Bacterial Skin Infections
Bacterial skin infections can occur frequently, and their severity can range from moderate (but irritating) to life-threatening. The bacteria Staphylococcus aureus (staph) and Streptococcus pyogenes cause most bacterial infections (the same bacteria responsible for strep throat).
A bacterial infection can manifest itself in a variety of ways, depending on its location, type, and even the age of the person who is infected. Your internist or family physician can treat most of them.
Types of Bacterial Skin Infections
Erysipelas infects the top two layers of the skin, giving it the nickname "St. Anthony's Fire" due to the severe, burning feeling it causes. Extreme redness, swelling, and a strongly defined border between normal and diseased skin tissue are all symptoms.
Streptococcus bacteria create erysipelas, which have a similar appearance to cellulitis and occurs in the lower layers of the skin. Erysipelas can be caused by minor disorders like athlete's foot or dermatitis, or it can develop after germs spread to the nasal passages as a result of a nose or throat infection.
A carbuncle is a closely packed cluster of numerous furuncles. It can be up to 4 inches across horizontally and have one or more openings through which pus can leak onto the skin. The illness is sometimes accompanied by a temperature, as well as general weakness and weariness.
Carbuncles are most commonly found on the back, thighs, or back of the neck. The infection is usually deeper and more severe than furuncle-caused infections. Staph bacterium is the most prevalent cause of carbuncles. 7
Carbuncle infections are more likely to cause scarring, and they can take longer to develop and cure than furuncle infections. As a result, carbuncles frequently necessitate medical intervention. They're contagious, and they can spread to other sections of the body and people.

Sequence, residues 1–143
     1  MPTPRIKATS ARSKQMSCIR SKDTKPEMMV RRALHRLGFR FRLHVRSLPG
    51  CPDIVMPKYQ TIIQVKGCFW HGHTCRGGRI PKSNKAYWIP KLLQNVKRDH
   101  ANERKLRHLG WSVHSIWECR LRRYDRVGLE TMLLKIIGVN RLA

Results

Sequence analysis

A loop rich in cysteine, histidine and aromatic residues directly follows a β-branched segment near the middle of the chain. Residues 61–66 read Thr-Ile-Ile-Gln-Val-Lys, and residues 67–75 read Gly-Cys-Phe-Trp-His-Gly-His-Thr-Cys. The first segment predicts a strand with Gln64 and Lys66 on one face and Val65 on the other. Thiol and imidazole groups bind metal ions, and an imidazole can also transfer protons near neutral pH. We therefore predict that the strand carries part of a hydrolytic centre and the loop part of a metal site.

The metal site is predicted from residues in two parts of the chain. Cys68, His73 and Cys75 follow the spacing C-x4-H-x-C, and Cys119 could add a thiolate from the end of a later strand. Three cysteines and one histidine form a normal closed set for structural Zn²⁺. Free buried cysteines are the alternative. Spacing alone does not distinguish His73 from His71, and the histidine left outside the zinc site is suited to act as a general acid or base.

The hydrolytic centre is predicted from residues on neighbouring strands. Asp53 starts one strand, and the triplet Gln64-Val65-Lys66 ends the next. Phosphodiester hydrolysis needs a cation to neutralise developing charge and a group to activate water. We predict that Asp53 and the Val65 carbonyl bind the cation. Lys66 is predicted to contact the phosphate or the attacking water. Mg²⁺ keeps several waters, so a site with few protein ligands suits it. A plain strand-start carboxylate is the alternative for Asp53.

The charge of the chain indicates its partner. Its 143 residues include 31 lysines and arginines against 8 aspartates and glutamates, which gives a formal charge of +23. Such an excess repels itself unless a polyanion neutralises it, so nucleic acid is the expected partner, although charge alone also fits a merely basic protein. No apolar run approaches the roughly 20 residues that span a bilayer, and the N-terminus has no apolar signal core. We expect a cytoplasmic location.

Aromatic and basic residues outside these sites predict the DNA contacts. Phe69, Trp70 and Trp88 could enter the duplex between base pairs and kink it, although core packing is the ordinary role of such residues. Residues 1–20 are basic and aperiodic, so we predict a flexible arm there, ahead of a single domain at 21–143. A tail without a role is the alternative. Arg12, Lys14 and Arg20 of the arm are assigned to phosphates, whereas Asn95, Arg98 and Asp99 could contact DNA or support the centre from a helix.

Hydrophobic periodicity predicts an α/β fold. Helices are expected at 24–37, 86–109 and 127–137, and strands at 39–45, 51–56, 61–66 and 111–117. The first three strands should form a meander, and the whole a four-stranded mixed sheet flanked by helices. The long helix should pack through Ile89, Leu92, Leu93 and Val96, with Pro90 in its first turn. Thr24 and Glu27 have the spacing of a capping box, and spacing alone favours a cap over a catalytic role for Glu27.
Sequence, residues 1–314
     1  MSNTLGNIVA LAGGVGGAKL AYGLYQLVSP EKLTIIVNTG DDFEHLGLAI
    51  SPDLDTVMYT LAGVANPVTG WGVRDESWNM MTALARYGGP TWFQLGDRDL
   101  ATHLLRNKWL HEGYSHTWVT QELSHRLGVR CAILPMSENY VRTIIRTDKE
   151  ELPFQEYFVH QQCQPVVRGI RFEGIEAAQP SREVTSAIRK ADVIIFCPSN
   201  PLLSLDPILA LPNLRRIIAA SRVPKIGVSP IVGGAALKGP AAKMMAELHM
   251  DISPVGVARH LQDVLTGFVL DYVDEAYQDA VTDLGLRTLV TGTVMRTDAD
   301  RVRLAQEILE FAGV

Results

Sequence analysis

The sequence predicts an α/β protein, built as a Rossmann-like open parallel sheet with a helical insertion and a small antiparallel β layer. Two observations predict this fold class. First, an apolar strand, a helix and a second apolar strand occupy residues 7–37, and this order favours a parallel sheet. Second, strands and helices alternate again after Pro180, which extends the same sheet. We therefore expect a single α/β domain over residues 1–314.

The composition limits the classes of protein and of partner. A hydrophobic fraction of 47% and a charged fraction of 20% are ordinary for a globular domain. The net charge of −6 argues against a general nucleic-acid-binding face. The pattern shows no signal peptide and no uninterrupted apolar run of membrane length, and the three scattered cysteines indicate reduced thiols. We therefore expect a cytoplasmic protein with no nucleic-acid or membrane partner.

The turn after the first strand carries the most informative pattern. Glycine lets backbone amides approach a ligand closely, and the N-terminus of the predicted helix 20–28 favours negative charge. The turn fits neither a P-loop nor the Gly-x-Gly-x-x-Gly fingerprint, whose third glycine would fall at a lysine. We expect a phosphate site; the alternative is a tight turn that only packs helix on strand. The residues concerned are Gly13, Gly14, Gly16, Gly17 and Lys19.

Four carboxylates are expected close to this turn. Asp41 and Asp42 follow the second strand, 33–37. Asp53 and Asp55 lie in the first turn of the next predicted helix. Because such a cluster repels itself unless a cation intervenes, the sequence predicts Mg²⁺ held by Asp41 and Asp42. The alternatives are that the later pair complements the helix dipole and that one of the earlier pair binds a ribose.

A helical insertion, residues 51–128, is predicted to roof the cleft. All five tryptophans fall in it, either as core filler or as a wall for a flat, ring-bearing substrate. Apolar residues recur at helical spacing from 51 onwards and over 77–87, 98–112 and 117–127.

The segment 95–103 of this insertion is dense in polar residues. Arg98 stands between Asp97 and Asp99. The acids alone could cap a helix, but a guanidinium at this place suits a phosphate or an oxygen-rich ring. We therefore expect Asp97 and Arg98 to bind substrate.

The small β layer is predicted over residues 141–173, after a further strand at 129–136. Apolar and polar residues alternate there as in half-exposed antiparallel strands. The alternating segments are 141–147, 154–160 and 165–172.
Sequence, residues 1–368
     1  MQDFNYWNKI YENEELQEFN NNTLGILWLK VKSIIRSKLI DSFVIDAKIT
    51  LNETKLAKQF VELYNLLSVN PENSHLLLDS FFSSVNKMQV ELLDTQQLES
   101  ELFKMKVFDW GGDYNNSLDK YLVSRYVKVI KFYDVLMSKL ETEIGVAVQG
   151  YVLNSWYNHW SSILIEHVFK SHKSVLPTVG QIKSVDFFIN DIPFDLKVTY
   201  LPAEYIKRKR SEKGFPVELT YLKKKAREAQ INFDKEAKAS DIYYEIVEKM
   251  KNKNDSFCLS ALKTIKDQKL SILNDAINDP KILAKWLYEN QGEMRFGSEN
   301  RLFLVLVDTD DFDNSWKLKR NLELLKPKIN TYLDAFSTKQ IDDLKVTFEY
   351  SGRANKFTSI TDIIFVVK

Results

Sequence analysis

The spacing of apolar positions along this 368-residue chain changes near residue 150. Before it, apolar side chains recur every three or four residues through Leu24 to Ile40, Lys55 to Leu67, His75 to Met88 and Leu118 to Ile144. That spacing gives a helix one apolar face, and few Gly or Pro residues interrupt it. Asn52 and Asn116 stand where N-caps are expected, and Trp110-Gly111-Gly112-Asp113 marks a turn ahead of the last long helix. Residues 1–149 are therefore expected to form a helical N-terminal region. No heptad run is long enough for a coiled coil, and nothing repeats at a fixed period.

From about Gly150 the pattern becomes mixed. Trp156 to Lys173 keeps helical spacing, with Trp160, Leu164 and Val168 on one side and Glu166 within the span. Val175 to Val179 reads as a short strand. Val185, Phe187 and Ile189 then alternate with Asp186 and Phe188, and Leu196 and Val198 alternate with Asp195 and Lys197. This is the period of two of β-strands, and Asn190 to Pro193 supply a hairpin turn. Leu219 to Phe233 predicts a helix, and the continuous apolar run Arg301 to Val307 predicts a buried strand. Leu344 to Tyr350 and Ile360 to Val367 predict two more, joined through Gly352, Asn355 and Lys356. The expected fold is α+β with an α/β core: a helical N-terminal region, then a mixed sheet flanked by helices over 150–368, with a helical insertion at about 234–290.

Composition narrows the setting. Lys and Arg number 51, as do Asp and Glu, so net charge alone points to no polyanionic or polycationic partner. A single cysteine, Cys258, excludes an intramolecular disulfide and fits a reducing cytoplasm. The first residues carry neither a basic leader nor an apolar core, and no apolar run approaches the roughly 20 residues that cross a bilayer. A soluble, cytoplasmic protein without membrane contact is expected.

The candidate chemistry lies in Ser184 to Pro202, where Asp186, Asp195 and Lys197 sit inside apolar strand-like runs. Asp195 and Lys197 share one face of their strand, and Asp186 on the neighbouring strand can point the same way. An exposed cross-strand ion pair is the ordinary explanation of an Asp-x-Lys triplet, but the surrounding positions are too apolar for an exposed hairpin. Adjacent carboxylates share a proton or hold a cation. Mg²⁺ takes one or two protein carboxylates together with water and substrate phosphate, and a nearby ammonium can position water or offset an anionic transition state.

Erythrasma is a skin infection caused by the bacteria Corynebacterium minutissimum. Skin lesions with well-defined pink areas covered in fine scales and wrinkles appear first, then turn red, brown, and scaly.
Erythrasma appears in regions where skin meets skin, such as the armpits, groin, and between the toes. It's easily confused with fungal illnesses like athlete's foot and jock itch because of its location and appearance.
Most people with erythrasma are asymptomatic, however moderate itching or burning may occur, particularly if the infection is in the groin area. Erythrasma is a skin condition that occurs in hot, humid areas or because of poor hygiene, excessive perspiration, obesity, diabetes, advanced age, or a weakened immune system.
Bacterial folliculitis is a frequent infection of the hair follicles that is usually caused by a fungus, ingrown hair, or obstructions from moisturizers or other skin treatments. Shaving or plucking hairs can also make you more vulnerable. 4
Tiny red lumps or pus-filled white-headed pimples are signs of bacterial folliculitis. People with acne are more likely to get this infection than individuals who have clear skin.
While most cases of bacterial folliculitis resolve without therapy, more severe types may require antibiotics. Folliculitis, if left untreated, can result in irreversible hair loss.
Hot Tub Folliculitis